2017 Gilbert Twins
We found out at 7 weeks we were having twins! They told us they were identical because there was only one placenta. Most identical twins have a membrane separating them, but they couldn't’t see that membrane with our twins. They assured us it was there, just very hard to see, because otherwise they would be mono/mono twins (momo twins for short), and they are so rare that there was no way they could be momo twins. However, by 12 weeks this membrane was still missing, and our baby B wasn't’t as big as baby A. We saw an MFM doctor in Evansville at 15 weeks that confirmed we were having very rare momo twins which only occur in 1% of all twin pregnancies. We found out that our babies had a 50% chance of surviving until 24-26 weeks. Then, I would be admitted to the hospital for monitoring until they were born. The absent membrane with momo twins is dangerous because the umbilical cords can tangle and tie in knots, which can kill one or both babies. If one baby dies in utero, there is a very high risk that the other baby will die as well due to the changes that occur. We had to be seen every 2 weeks for ultrasounds because another risk is Twin to Twin Transfusion Syndrome (TTTS).
We had our anatomy scan at 17 weeks. Although we wanted to keep their gender a surprise, we were still very excited to check up on them. However, we quickly realized something was wrong. They said that there looked to be a calcium deposit on Baby A’s heart. They said it should disappear by birth but because it was so large they wanted to do a fetal echo at 22 weeks. Baby B continued to lose ground to baby A.
We got worse news during the fetal echo. We found out that baby A did indeed have a heart defect, not a calcium deposit. Her heart defect is Pulmonary Atresia with Intact Ventricular Septum. They said it would require a series of 3 open heart surgeries after birth to become a “single ventricle,” meaning the baby would only have half a heart. We would be transferred to Indy and I would be admitted there instead of Evansville so that baby A could have surgery there. We were devastated. We thought the dangerous pregnancy was a lot to handle, and now we were going to have to watch one of our tiny babies face more challenges.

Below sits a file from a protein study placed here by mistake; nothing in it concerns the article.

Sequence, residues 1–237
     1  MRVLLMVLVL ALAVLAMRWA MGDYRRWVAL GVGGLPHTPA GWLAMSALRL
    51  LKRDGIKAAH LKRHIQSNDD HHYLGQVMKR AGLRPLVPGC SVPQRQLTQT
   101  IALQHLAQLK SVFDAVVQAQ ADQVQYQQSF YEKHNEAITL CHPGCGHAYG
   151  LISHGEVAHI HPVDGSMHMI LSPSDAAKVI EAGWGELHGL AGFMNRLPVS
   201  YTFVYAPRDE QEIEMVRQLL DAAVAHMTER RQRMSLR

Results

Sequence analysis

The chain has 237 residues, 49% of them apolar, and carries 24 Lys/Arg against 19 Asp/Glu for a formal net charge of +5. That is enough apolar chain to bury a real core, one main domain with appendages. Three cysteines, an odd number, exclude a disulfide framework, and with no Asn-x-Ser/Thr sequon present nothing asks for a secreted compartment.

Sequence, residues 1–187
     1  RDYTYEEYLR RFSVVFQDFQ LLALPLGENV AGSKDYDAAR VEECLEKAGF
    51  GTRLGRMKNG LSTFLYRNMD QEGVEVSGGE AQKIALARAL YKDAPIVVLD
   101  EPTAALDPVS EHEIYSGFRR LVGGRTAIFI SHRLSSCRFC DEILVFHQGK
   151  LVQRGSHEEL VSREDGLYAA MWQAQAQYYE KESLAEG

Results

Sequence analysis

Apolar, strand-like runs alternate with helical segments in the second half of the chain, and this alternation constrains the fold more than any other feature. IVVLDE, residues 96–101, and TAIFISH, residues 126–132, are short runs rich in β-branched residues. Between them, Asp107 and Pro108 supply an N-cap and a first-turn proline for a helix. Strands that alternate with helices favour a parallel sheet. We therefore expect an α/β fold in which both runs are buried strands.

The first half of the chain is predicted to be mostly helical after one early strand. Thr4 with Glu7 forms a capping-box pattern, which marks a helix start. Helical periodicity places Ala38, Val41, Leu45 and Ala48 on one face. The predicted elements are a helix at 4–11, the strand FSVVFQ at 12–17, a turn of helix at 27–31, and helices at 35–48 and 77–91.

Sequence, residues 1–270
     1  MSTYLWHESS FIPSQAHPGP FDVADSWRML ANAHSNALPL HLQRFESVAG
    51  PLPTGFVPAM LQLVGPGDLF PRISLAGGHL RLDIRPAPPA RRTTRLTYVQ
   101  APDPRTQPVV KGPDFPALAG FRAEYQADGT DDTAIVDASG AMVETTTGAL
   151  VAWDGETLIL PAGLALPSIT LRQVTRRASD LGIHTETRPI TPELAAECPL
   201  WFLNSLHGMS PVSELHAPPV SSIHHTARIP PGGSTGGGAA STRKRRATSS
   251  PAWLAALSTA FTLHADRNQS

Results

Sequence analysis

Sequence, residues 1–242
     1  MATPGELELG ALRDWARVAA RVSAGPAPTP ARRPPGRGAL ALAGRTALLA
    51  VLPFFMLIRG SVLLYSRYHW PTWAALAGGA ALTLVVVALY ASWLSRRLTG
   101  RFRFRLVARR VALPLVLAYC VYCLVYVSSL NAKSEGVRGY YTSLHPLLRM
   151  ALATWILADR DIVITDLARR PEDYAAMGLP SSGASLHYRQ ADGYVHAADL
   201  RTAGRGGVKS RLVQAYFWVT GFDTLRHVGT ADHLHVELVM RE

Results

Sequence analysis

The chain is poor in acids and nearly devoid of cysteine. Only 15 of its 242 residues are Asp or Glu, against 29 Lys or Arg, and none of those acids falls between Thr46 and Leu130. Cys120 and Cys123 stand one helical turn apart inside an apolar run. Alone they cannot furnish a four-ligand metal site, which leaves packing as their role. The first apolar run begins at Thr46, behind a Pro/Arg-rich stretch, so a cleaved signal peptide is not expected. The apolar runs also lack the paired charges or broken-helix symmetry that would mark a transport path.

At almost 25 weeks we had another scan to look for TTTS at Evansville. Indy wouldn't’t be able to see us until 27 weeks. We received more bad news; there was now a 22% difference in size between baby A and baby B. This is a sign of TTTS, which would require fetal surgery at University of Cincinnati Medical Center. We made the trip to Cincinnati 4 days later.
Our first appointment in Cincinnati was a roller coaster to say the least. While they were doing an ultrasound, we were discussing that I would be admitted to the hospital at 26 weeks, one week away. They wanted us to go to the nearby Children’s hospital for another fetal echo, and then find a hotel to stay in for the week until they admitted me at 26 weeks. About 5 minutes later they came in during the ultrasound and said plans had changed. Baby B was in danger and I was admitted and rushed to the Labor and Delivery floor right away where we were given more information. The blood flow to baby B was intermittently absent, meaning that the baby assn’t constantly getting blood flow. This could hold steady or quickly turn into the baby not receiving any blood flow. Given her size, they were sure baby B would not survive if we didn't’t deliver right away. However, if we delivered we would likely lose baby A due to the heart defect. To further complicate things, the risks of having twins at 25 weeks are extensive and could risk the lives of both babies. The decision was difficult but we requested to wait, get steroids on board, and give each baby the best chance of survival. I remained in the hospital with daily ultrasounds for the next week. We also found out that it wasn’t TTTS, but SIUGR. Baby B was so much smaller because Baby A had a greater portion of the placenta.
At 26 weeks I began continuous monitoring/bed rest to watch for cord compression. Doctors fully expected me to deliver that day, but our miracles hung on until 34 weeks! Most momo twins are delivered at 32 weeks because of the increased risk of cord compression, but due to baby A’s heart we waited until 34. We had a few scares along the way that almost caused early delivery, but they pulled through and made it to our scheduled C-section on December 21, 2015, and we found out they are girls! Kinzie was 4 lbs 11 ounces, and Kylie was 3 lbs. 11 ounces. Kinzie was transferred to Cincinnati Children’s hospital CICU a few blocks away about an hour after birth, while Kylie stayed in the NICU at UC.
To date, Kinzie has had 2 open heart surgeries and 6 heart catheterizations. She will have a 7th heart cath at the end of the year, and at least one more open heart surgery in a couple years. Her left side has been affected from the stroke but she is working so hard to overcome that and k